The United States Rockies

The Rocky Mountains, North America’s premier mountain range, are aptly called “the crown of the continent”. They stretch 2,000 miles (3,000 km) from Canada to Arizona, connecting with the Alaska Range in the north and the Sierra Madre in Mexico. Mountain-making in the Rockies occurred over a period of 20 million years, some 60 million years ago, and about 15,000 years ago nomadic hunter-gatherers came to the region. Blackfoot, Crow, Shoshone, and Ute Indians were living in the Rockies when white explorers arrived in the late eighteen century. Yellowstone became the world’s first national park in 1872.

Today, these mountains act as a magnet for the city-worn, with their glorious snow-capped peaks, alpine meadows, glacier-carved valleys, sapphire lakes, vast forests, and abundant wildlife.

There are four major national parks in the United States Rockies. Each is worthy of at least a week-long visit, or you can take a three-week car trip to visit them all, heading west from Denver to Rocky Mountain National Park, and then north. Grand Teton and Yellowstone lie at the heart of the Rockies in northwestern Wyoming, and Glacier, which joins Waterton Lakes National Park at the border with Canada, is in northern Montana.

The Rockies afford a wide variety of activities throughout the seasons. They make their own weather, with frequent rain stroms in summer and blizzards in winter. Summer is the best time for hiking, birding, and camping but spring and fall are also delightful, having the added benefit of few visitors. Cross-country skiing and snowshoeing are great ways to explore the mountains in winter.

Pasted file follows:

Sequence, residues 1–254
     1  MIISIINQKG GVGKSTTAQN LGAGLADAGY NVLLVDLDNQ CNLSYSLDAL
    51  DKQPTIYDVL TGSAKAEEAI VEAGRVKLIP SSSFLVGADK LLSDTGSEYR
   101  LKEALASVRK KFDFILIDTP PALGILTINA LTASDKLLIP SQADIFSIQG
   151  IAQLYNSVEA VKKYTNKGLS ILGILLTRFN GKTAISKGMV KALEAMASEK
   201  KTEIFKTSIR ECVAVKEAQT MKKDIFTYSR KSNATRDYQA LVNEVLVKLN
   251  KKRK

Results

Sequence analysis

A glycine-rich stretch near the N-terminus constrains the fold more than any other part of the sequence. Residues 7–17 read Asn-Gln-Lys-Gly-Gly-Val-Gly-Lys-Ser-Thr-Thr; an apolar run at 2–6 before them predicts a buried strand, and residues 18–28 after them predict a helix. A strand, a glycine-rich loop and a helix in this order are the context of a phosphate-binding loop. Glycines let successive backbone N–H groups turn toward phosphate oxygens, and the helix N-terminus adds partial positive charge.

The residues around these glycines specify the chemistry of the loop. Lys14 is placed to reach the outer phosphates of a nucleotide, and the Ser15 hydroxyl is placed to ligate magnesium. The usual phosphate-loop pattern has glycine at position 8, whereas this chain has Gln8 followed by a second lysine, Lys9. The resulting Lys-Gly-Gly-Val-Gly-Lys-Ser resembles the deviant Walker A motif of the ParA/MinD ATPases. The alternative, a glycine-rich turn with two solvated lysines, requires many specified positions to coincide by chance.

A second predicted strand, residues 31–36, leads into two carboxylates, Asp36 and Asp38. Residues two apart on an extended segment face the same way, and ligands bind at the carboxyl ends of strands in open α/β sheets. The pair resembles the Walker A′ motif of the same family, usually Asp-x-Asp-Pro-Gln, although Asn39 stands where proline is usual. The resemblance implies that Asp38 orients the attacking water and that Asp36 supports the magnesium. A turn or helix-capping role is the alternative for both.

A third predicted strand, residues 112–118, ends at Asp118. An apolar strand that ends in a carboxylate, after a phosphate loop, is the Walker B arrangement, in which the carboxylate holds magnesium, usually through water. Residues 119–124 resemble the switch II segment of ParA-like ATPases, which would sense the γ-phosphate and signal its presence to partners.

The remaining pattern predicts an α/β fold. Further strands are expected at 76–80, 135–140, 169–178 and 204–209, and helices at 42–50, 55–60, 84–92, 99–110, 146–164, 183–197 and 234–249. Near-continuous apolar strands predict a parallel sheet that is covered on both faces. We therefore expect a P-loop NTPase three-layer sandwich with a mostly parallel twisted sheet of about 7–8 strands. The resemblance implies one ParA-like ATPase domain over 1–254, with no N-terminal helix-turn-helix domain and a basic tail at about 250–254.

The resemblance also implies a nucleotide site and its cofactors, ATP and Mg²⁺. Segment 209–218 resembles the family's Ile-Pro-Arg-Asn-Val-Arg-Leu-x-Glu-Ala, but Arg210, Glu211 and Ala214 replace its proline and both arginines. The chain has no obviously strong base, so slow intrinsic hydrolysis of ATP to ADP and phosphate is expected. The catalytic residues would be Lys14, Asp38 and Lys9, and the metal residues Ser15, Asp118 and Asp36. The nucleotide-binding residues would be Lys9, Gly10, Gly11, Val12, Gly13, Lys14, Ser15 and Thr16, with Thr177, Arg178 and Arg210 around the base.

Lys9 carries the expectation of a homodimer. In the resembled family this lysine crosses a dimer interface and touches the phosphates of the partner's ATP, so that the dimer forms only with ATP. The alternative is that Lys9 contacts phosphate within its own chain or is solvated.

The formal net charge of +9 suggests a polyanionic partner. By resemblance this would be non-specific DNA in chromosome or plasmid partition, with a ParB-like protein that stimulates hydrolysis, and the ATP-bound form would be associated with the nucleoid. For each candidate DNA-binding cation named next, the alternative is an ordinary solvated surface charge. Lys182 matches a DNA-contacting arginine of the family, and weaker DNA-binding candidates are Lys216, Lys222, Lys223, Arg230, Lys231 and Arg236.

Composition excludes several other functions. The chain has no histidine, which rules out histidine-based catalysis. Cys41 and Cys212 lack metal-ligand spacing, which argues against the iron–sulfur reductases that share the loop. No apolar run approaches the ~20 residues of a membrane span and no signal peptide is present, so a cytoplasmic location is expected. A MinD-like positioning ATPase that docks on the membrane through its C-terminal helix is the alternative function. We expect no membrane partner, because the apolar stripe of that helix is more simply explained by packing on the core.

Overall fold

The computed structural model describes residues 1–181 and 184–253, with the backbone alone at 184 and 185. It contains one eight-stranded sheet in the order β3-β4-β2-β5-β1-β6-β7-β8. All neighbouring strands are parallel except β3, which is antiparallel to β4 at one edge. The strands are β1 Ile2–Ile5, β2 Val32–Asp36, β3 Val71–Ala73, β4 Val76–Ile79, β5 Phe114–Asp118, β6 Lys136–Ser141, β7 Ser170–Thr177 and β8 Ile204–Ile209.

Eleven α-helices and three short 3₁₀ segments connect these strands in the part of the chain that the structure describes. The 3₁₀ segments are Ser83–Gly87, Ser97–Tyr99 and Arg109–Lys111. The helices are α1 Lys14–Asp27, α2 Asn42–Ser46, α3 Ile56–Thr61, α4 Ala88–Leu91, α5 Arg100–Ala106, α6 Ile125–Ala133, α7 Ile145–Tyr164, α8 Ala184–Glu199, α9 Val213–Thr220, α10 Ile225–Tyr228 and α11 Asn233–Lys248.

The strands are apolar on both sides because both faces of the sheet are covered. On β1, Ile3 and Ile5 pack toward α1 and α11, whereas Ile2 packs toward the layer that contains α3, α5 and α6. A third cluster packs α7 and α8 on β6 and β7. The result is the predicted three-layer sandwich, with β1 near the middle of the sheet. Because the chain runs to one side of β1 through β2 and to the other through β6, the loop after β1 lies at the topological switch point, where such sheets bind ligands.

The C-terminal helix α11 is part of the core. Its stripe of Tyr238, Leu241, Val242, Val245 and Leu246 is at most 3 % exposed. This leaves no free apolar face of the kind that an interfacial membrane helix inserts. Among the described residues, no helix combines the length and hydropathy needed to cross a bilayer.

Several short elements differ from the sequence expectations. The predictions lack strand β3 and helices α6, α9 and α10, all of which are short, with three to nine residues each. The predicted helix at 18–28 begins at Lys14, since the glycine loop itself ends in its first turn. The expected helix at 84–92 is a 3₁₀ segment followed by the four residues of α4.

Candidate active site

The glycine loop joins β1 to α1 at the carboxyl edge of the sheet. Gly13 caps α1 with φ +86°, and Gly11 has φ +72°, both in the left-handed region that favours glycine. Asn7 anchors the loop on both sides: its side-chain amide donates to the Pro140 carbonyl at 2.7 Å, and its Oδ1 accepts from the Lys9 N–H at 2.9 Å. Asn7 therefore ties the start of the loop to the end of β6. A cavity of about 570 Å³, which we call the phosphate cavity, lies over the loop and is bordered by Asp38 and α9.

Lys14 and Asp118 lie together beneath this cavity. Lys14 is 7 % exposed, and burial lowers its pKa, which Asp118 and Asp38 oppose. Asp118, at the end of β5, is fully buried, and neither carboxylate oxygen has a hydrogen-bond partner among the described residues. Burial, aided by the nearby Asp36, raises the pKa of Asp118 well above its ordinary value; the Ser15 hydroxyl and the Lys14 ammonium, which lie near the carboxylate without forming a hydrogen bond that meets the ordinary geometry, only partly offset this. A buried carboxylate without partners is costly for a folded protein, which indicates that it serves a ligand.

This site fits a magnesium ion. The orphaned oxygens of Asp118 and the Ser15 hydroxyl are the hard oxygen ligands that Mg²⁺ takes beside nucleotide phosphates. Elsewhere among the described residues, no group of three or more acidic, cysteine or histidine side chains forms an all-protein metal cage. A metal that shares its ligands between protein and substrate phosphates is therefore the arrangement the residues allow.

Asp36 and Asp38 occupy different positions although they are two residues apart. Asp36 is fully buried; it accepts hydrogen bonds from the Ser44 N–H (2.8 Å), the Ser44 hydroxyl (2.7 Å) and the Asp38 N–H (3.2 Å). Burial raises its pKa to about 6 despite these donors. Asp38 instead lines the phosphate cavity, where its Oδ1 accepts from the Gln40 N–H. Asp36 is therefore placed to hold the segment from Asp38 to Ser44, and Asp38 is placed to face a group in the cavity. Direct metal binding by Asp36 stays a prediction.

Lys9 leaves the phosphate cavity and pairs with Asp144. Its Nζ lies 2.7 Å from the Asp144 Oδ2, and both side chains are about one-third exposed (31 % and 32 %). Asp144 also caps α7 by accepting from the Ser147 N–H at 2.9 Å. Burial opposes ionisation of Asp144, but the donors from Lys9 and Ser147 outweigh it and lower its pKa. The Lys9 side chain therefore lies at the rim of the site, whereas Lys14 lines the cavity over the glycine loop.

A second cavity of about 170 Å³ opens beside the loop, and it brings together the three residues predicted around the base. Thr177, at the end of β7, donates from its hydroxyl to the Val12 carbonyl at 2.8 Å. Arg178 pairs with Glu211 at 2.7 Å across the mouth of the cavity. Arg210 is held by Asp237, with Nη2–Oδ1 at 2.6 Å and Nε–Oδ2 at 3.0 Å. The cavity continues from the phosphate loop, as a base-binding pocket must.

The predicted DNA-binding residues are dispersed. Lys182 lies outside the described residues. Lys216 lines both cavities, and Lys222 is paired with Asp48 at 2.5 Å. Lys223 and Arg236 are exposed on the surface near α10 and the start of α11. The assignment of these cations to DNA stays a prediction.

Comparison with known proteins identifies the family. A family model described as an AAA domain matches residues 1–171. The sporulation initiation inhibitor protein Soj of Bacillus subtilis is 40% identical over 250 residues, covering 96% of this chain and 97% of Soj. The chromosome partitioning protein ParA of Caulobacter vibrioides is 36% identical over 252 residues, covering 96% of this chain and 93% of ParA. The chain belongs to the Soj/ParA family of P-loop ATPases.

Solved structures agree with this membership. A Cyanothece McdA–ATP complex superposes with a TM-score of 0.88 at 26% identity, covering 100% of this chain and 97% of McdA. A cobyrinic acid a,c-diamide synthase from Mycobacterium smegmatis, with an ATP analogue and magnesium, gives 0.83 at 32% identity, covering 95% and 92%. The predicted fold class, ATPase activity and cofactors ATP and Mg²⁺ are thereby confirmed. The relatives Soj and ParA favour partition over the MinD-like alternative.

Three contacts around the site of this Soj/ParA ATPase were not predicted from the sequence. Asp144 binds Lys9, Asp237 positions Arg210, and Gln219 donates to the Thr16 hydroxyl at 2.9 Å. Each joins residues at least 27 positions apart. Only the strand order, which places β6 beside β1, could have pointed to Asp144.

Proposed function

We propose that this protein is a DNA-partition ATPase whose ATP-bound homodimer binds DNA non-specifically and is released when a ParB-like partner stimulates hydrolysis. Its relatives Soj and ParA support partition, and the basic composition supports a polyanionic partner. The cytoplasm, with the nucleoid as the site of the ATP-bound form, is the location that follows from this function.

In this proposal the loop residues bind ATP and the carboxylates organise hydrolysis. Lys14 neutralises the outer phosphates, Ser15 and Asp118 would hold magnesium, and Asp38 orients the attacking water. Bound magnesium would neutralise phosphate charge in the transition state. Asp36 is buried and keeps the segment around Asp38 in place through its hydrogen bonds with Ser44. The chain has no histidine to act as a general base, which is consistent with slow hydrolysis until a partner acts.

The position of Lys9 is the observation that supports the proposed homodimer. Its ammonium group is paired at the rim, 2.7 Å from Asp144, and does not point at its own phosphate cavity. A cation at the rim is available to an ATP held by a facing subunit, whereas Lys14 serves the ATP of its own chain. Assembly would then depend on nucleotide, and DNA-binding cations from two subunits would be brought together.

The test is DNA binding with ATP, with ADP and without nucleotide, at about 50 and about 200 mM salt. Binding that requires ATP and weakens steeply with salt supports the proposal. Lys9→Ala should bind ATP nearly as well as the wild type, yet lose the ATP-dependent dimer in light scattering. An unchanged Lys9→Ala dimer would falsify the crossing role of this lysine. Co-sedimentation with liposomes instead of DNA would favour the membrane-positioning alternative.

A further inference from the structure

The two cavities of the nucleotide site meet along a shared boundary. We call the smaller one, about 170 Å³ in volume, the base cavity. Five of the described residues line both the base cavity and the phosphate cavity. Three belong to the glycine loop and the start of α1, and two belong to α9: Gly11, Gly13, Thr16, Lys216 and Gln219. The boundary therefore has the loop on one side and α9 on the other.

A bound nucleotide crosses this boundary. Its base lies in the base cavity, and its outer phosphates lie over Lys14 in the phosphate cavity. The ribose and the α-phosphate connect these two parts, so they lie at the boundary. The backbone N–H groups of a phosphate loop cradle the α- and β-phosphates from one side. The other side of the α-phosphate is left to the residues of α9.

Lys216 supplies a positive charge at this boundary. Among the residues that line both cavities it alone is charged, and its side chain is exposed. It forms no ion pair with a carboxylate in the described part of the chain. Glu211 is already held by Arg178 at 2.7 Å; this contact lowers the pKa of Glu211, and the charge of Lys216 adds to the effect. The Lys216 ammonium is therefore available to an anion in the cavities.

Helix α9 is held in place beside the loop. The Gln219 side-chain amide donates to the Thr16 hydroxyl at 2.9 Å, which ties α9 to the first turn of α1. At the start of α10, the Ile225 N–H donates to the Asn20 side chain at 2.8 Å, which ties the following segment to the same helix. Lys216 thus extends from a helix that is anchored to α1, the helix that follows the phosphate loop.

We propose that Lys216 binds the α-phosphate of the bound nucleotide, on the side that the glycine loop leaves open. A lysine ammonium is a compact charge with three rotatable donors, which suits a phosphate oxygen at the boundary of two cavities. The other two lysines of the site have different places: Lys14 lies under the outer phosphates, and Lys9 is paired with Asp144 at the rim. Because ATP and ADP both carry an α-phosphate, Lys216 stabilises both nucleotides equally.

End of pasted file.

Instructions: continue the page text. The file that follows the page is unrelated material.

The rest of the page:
Grand Teton National Park combines some of the finest scenery in the Rockies with plentiful wildlife. The peaks of the Tetons are awesome. The largest, Grand Teton, rises 7,500 feet (2,500 km) above the broad valley of Jackson Hole, through which the Snake River runs.

Large herds of elk and pronghorn roam the sagebrush plains, while at higher levels black and grizzly bears live in the spruce and pine forests. Along the banks of the Snake River, bald eagles, and ospreys hunt for fish. Jenny Lake is a major trail-head, offering walks to lakes where beaver live, and 200 miles (320 km) of ragged back-country trails for hikers and climbers.

From spring to fall, the river flats and meadows are bright with almost 900 species of wildflower. Of the park’s 305 bird species, perhaps the endangered trumpeter swan is the most treasured. Sadly, the parks in the Rockies are being loved to death – Grand Teton alone receives over 3 million visitors a year and housing developments around Jackson Hole are right on the park’s boundary. Park programs show visitors how to minimize their impact of the environment. Local communities are being taught the value of reintroducing wolves to control growing elk and deer populations.